Tennessee Combats Menacing Hogs Using...HD Cameras?
Wildlife officers use remote HD cameras — HogWatch — to conserve habitat, protect agricultural crops and save taxpayers money.
The Tennessee Wildlife Resources Agency (TWRA) turned to innovative technology to assist landowners with controlling wild hogs — a costly nuisance for state residents and a danger to the environment. Frequent trap visits by wildlife officers to monitor hog activity is the most costly phase of the TWRA's control efforts. Live streaming video enables wildlife officers to watch hogs enter the trap and release the trap door remotely.
"We believe this system can significantly reduce our labor costs associated with our trapping efforts," said Richard Kirk, middle Tennessee wildlife program manager.
Nationally, wild hogs cause $1.5 billion in damage each year to agriculture, wildlife habitats and waterways. The Tennessee Wildlife Federation describes the wild hog as “Tennessee's single most destructive animal.” Two years ago the TWRA began intensively working statewide on public land and assisting private landowners to address the loss of habitat and crop damage these animals can cause.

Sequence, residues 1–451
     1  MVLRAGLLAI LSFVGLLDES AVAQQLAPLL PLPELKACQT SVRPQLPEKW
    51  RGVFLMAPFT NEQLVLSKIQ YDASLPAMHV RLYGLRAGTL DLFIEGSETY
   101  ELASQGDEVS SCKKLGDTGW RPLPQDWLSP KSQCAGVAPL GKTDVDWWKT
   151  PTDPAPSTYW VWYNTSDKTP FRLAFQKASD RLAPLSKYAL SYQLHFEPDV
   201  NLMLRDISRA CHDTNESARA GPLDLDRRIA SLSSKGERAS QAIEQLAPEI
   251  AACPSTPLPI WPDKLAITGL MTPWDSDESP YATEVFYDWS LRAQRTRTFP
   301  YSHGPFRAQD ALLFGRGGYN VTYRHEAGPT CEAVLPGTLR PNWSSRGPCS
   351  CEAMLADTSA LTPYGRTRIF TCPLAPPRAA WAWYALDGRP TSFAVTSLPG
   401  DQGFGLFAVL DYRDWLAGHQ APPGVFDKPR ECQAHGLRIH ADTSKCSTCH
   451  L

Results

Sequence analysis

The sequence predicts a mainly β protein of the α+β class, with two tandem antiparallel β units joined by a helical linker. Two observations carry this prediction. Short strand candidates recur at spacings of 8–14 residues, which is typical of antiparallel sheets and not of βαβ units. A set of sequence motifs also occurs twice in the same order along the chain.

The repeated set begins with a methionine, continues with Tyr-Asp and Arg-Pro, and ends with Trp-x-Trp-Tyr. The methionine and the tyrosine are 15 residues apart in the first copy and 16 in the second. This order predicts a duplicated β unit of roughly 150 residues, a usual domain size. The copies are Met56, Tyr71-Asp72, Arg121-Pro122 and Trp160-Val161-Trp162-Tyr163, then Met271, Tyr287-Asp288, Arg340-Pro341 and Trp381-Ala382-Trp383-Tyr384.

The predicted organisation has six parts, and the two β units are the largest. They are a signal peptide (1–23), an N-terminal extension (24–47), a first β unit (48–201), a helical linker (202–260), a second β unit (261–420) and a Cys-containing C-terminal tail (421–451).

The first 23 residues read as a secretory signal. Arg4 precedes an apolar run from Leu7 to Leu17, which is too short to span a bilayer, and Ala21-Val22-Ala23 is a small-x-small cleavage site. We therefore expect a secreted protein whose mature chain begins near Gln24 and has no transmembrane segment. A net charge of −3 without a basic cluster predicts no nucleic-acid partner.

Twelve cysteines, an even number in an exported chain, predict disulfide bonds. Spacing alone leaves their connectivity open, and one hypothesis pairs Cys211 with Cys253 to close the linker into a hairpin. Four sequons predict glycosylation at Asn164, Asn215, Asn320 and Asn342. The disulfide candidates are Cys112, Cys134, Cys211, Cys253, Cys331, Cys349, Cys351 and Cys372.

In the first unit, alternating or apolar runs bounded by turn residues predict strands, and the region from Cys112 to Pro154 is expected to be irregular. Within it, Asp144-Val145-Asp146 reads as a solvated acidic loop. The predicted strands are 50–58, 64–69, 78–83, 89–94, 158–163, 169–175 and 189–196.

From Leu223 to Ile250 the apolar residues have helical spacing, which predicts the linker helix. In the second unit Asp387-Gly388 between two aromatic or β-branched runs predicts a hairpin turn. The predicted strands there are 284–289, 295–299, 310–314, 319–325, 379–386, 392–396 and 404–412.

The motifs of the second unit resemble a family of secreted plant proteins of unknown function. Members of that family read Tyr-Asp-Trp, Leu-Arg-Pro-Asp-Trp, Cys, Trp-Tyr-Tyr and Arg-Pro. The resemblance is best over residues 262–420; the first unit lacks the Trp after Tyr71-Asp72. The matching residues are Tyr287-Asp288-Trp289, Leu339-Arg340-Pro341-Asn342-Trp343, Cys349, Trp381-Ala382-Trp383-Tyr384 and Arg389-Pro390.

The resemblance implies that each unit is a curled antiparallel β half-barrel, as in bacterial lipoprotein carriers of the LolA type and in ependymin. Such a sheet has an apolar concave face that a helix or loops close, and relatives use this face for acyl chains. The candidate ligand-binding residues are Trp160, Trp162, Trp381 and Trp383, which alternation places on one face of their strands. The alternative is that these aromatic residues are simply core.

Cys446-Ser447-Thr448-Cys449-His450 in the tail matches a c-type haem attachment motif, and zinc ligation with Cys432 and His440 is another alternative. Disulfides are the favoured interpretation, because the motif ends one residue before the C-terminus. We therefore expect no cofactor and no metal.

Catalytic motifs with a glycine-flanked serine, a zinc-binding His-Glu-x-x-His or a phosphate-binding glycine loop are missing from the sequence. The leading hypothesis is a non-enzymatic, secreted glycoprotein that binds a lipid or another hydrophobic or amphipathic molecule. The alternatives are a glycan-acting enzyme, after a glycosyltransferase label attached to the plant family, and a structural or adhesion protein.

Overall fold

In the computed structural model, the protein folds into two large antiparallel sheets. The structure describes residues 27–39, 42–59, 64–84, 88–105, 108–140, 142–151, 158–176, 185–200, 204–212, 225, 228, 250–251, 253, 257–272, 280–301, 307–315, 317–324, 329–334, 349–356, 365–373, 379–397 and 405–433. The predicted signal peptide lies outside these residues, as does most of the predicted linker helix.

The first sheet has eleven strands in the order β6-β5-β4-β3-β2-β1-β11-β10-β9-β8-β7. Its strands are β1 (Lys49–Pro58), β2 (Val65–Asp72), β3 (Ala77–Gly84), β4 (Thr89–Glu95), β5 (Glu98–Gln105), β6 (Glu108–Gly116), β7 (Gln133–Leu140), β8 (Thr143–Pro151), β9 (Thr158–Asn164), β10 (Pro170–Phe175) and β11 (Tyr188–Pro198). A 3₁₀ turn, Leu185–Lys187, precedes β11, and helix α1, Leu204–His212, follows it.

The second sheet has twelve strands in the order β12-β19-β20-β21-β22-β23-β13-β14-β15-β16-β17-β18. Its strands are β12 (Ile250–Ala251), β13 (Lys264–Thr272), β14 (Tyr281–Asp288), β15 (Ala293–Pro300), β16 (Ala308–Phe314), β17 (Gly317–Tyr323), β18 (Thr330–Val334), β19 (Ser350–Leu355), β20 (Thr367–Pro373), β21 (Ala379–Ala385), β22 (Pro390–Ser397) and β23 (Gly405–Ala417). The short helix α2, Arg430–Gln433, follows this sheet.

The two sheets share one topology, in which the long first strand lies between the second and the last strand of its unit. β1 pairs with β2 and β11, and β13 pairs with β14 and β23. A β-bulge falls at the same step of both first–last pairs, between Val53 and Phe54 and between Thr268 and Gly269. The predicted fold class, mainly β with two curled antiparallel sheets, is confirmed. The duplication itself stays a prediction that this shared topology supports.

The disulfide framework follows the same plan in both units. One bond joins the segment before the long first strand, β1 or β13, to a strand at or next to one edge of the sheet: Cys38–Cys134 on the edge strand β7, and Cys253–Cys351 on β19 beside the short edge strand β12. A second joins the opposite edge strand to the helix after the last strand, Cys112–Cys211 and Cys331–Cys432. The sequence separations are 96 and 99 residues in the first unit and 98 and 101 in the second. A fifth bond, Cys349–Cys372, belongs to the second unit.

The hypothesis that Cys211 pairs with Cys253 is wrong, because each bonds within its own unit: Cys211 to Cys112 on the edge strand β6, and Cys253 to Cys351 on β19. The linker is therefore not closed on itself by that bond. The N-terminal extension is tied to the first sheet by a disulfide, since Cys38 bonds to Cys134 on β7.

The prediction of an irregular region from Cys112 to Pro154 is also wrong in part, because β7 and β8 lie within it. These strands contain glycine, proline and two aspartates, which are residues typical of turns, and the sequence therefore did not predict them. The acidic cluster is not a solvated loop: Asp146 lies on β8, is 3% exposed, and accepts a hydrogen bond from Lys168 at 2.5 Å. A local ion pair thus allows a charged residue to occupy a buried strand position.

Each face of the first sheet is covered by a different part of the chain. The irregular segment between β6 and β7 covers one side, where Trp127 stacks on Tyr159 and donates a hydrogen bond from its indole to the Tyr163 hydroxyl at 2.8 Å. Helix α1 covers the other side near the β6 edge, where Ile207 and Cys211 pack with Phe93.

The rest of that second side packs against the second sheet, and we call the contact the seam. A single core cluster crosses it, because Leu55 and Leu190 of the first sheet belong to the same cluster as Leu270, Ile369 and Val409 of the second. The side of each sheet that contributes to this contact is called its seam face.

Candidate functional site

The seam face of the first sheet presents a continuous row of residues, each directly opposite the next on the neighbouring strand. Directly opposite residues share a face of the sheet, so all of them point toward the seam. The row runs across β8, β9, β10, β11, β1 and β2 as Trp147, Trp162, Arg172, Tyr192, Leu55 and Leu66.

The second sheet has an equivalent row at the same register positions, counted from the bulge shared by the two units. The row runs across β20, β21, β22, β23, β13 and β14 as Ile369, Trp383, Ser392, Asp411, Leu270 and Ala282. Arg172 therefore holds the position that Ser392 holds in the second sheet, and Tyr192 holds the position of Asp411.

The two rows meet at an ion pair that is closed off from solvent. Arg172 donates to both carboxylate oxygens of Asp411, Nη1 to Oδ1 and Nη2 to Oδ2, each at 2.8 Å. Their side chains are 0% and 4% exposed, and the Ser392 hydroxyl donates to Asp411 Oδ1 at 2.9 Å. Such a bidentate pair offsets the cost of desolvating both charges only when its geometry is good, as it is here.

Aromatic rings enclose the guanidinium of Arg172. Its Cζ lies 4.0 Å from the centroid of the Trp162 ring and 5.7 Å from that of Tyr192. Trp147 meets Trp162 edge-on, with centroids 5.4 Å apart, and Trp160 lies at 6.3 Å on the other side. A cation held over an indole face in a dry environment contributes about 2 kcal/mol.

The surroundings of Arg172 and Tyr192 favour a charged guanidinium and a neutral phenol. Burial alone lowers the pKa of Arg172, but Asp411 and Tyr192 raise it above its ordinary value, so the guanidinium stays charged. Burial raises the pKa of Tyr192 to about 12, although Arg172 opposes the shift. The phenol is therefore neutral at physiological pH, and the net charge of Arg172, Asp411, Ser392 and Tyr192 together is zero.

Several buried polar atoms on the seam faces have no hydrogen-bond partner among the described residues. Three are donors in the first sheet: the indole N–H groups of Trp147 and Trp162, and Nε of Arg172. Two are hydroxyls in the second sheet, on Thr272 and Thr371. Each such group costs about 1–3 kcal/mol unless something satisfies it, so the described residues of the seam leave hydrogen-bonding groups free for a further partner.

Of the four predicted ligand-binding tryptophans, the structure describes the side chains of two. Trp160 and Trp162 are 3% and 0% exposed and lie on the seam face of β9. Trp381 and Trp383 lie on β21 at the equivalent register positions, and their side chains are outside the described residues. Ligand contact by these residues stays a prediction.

In an effort to more efficiently combat the problem, Verizon introduced TWRA to business partner IC Realtime, a southeastern-based mobile video and security company to reduce the number of man-hours needed to monitor and trap wild hogs. IC Realtime created HogWatch, an HD video solution that monitors hog traps 24 hours a day. This new system is machine-to-machine technology, meaning it’s a device that constantly communicates data or video over Verizon's cellular network.
“The 4G LTE network allows these types of machine-to-machine solutions to be developed. Before Verizon deployed 4G LTE in 2010, no data service had the speed to transmit live HD video from remote areas. Verizon is proud that our network is able to assist the Tennessee Wildlife Agency in better controlling menacing hogs while saving taxpayers money,” said Jerry Fountain, Verizon Wireless Carolinas/Tennessee region president.
Additionally, the system uses solar panels to fuel cameras and transmits video back to agency computers or smartphones over Verizon's 4G LTE data network. Utilizing solar power to maintain batteries makes the system virtually maintenance free, further reducing costs. Officers can conveniently monitor and activate the trap using their smartphones, freeing them to perform others duties.